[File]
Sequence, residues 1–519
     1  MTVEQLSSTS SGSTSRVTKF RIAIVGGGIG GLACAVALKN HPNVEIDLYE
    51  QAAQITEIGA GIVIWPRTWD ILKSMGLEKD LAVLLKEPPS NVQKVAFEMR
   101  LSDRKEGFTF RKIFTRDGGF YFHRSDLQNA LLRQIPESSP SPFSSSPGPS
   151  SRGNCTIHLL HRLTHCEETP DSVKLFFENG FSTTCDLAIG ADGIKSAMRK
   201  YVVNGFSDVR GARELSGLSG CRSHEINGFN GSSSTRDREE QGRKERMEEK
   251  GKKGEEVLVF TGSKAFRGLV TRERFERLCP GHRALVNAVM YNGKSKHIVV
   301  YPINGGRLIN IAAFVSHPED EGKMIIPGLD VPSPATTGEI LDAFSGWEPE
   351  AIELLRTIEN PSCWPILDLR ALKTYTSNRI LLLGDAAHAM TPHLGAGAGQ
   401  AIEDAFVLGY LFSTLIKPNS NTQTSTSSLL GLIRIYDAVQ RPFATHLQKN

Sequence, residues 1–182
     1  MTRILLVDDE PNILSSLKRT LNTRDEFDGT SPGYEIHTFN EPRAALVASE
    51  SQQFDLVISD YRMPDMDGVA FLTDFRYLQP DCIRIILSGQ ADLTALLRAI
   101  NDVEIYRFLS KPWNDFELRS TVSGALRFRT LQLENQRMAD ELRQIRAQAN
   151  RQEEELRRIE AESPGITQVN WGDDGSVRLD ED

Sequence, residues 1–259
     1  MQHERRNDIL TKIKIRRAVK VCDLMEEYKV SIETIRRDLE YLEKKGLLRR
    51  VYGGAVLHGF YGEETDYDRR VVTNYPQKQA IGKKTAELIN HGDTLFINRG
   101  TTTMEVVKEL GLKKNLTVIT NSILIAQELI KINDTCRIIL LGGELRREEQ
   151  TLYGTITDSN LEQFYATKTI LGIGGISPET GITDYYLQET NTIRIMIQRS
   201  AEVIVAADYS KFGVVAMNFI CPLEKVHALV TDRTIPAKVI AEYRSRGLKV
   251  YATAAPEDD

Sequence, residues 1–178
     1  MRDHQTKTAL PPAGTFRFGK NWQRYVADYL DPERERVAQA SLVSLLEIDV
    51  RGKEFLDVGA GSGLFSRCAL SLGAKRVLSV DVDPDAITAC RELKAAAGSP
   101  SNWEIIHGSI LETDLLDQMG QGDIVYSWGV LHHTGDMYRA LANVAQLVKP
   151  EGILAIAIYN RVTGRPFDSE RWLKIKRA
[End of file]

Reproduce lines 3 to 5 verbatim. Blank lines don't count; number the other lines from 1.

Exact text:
    51  QAAQITEIGA GIVIWPRTWD ILKSMGLEKD LAVLLKEPPS NVQKVAFEMR
   101  LSDRKEGFTF RKIFTRDGGF YFHRSDLQNA LLRQIPESSP SPFSSSPGPS
   151  SRGNCTIHLL HRLTHCEETP DSVKLFFENG FSTTCDLAIG ADGIKSAMRK